by MaryAlice Bitts-Jackson
“I know you grew up in the U.S. but what country were you born in?”
“You must be good at math.”
“As the only student in this class who’s (fill in the blank), what can you add to our conversation?”
“You have a very unique name, but it’s hard to pronounce. You might want to change it someday.”
Chances are, you’ve heard comments like these, and, at one time or another, you may have uttered them. They’re microinsults, a form of microaggression in which one person says something insensitive regarding another person’s identity or heritage. Microaggressions happen every day—on campus and throughout the wider world.
These insensitive statements and actions are a form of bullying, and they can damage relationships and communities. Over time, those who are disproportionately subject to microaggressions can experience substantial negative psychological, academic, career and physical effects. And those who microaggress are sometimes completely unaware of the harm they’ve wrought. So how can we learn to recognize microaggressions—and what we might do when we’re on the receiving end? How can we learn to best avoid committing this kind of everyday bullying in the first place?
Two Dickinson workshops, titled The Everyday Bullying of Microaggressions: Recognizing and Intervening, can help:
Yolanda Flores Niemann will deliver two workshops at Dickinson on how to recognize and respond to microaggression.
The workshops are led by Yolanda Flores Niemann, a professor of psychology at the University of North Texas and an expert in critical-race psychology who’s published on microaggressions, stereotypes, intergroup perceptions and relationships, and teaching social psychology and race.
A recipient of the Jenessa Shapiro Diversity and Inclusion Award from the Society of Personal and Social Psychologists and a keynote speaker at conferences and workshops across the U.S., Niemann was a 2016 speaker for the White House Initiative on Educational Excellence for Hispanics. Her scholarship includes nine books, journal articles and editing and 56 journal articles and book chapters.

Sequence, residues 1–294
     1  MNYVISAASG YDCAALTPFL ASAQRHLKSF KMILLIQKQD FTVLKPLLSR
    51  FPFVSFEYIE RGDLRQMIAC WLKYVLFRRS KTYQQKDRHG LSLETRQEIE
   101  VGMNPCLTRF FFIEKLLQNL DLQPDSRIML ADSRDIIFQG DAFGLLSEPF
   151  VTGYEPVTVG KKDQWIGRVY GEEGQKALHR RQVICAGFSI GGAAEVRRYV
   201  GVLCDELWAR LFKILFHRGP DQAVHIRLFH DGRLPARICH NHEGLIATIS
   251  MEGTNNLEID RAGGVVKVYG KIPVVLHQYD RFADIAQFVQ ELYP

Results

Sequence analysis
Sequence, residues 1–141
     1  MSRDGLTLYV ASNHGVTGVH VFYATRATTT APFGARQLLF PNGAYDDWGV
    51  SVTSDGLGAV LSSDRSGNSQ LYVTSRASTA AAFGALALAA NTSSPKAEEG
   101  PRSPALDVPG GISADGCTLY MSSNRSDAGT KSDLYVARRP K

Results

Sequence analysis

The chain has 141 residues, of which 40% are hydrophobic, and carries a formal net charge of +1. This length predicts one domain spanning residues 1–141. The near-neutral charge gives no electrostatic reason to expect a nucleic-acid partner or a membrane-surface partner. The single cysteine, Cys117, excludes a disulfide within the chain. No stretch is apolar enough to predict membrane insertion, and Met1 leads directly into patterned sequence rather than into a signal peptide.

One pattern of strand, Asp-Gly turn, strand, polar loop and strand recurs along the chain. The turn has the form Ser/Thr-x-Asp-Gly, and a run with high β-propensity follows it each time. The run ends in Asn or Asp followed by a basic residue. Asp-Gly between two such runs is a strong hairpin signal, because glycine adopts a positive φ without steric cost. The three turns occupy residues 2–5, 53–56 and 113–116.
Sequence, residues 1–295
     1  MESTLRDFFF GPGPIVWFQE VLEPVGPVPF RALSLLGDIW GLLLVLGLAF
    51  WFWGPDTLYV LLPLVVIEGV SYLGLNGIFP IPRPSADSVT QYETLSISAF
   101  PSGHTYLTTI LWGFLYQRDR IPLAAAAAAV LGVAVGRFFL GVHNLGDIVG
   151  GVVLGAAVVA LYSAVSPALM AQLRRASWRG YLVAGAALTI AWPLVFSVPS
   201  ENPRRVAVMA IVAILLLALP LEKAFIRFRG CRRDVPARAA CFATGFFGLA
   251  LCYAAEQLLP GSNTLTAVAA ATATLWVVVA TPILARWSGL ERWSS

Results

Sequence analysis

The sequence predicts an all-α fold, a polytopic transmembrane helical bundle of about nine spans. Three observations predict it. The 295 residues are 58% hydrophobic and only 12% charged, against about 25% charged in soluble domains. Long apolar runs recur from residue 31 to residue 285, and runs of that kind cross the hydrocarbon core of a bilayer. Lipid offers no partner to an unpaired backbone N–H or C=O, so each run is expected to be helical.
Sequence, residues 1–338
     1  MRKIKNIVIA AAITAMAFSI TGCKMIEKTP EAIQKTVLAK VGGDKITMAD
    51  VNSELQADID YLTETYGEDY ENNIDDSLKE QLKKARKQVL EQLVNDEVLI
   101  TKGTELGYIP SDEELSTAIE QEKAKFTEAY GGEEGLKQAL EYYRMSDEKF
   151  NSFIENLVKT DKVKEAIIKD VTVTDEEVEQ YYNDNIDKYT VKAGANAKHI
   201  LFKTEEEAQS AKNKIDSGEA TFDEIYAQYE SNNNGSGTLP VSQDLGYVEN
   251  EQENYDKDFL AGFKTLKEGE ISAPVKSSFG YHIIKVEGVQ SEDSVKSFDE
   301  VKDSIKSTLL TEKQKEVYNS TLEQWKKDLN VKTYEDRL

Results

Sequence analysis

Under Niemann’s guidance, workshop participants will first learn to identify examples of different kinds of everyday microaggressions and why these forms of bullying are harmful and disrespectful. Then they’ll discuss ways to make our campus—and, ultimately, our world—an ever more welcoming and inclusive place.
Because of the deep and personal nature of this work, separate workshops for faculty/staff and students help ensure that all participants have the best chance of making the most of the opportunity, says Yvette Davis, director of Dickinson’s Popel Shaw Center for Race & Ethnicity (PSC).
“We want to create brave space for students, faculty and staff so that all participants will feel more comfortable being transparent about what it is they’re experiencing and will, hopefully, be more likely to engage in the work,” Davis explains.
The workshops are cosponsored by the PSC, Dickinson’s Bias, Education & Response Team and the Office of Equity & Inclusion (Center for Spirituality & Social Justice, Women’s & Gender Resource Center, the Office of LGBTQ Services and the Milton B. Asbell Center for Jewish Life) with support from the Office of the President and the Office of Student Life. The workshops complement the college's work in civil-dialogue education, a major initiative for President Jones and the college.
“Civil dialogue is a top priority for President Jones, and for the college,” says Davis, noting that Jones had recommended Niemann for an on-campus workshop after learning about the professor’s workshops with federal judges in Harrisburg. “Through the president’s generosity, and the generosity of the Office of Student Life, we were able to bring Dr. Niemann here and make these workshops happen.”
It’s vital work in a diverse community like Dickinson, which includes people of different races, cultural heritages, genders, sexual identities, faith traditions and abilities. Some of these identity points are visible, and others are not. That’s why education is key—not only for Dickinsonians who struggle with microaggression and need support and those who’ve never heard of microaggressions before, but also for those who believe in the power of equity and inclusion but may not be aware of the subtle ways they’re contributing to the problem.
“The truth is that all of us may be guilty of microaggression at some point in our lives, and all of us can be microaggressed against,” says Davis. “So these workshops are for everyone in the Dickinson community.”
Published September 23, 2022